One of the most overlooked small business tax deductions is sitting in your driveway. If you’re not taking a deduction for the business use of your vehicle, you’re overpaying your taxes by hundreds if not thousands of dollars every year. This article will explain how to take the IRS mileage rate deduction and put some serious money in your pocket.
1. Maintain a mileage log of all business driving. Keep a notebook in your car, and every time you take a business trip, write down the date, miles driven, and the business nature of the trip. A “business trip” can be going out-of-town for a seminar or meeting; and it can also be going to your local office supply store to buy paper or to your favorite restaurant to meet a prospective customer for lunch.
2. Be consistent. Make this a habit. If necessary, put a sticky note on your dashboard that says “Save Money – Record Mileage!” Do whatever it takes to remind yourself that this is not difficult. This is easy. Nor is this rocket science — you do a quick calculation, write a few words on a sheet of paper, and just like that, you reduce your tax bill. It’s like magic!
3. Don’t even think about whining about the perceived tedium of writing down your mileage every time you drive for business. Don’t think “Oh how I hate doing this.” Instead think “Oh how I love to save money by spending 30 seconds to record one line of information that will reduce my tax bill by hundreds (or thousands) of dollars this year”.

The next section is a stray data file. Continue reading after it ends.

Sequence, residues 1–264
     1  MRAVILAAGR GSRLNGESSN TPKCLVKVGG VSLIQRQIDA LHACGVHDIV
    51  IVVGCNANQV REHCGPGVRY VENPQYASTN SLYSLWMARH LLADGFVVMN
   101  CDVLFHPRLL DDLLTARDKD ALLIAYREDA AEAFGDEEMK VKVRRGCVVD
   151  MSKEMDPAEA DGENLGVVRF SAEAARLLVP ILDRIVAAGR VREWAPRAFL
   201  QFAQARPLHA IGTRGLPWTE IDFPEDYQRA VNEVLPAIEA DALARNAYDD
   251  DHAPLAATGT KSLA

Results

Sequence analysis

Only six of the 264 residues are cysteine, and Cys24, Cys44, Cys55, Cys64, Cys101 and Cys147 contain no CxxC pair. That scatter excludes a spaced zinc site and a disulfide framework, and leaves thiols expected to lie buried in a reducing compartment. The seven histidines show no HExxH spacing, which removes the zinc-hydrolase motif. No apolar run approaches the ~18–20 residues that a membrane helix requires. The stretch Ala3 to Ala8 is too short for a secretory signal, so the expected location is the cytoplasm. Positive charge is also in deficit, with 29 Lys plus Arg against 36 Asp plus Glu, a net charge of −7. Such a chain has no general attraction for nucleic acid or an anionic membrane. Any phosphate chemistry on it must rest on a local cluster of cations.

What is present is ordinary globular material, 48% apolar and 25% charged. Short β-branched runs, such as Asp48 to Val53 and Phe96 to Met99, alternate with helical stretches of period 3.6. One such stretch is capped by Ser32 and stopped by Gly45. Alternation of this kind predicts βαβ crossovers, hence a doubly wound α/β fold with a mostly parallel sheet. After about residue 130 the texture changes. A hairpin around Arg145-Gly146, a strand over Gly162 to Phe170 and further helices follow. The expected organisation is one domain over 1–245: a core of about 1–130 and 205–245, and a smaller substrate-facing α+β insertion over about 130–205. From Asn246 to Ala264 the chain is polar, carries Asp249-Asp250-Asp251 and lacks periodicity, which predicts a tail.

4. Keep these numbers in mind: the IRS mileage rate (as of July 1, 2011) is 55.5 cents per mile. So, for every 10,000 business miles, you’re racking up a $5,550 tax deduction. If you’re in the 35% tax bracket (15% federal income tax + 15% self-employment tax + 5% state income tax), that translates into $1,942 in actual tax savings. Whoa! Not too shabby, right? This simple record keeping task is worth almost $2,000 every year, so what is there to complain about?
5. Keep some more numbers in mind: if you save $1,942 via the vehicle mileage rate deduction, and over the course of the year, it takes you a total of 2 hours to record the mileage, you just made $971 per hour. Do you have any other activity in your business (or outside your business) that pays you that kind of money for 2 hours of work? I think not. Even if it takes you 4 hours to track the mileage, that’s $485.50. Again, where can you make that hourly wage?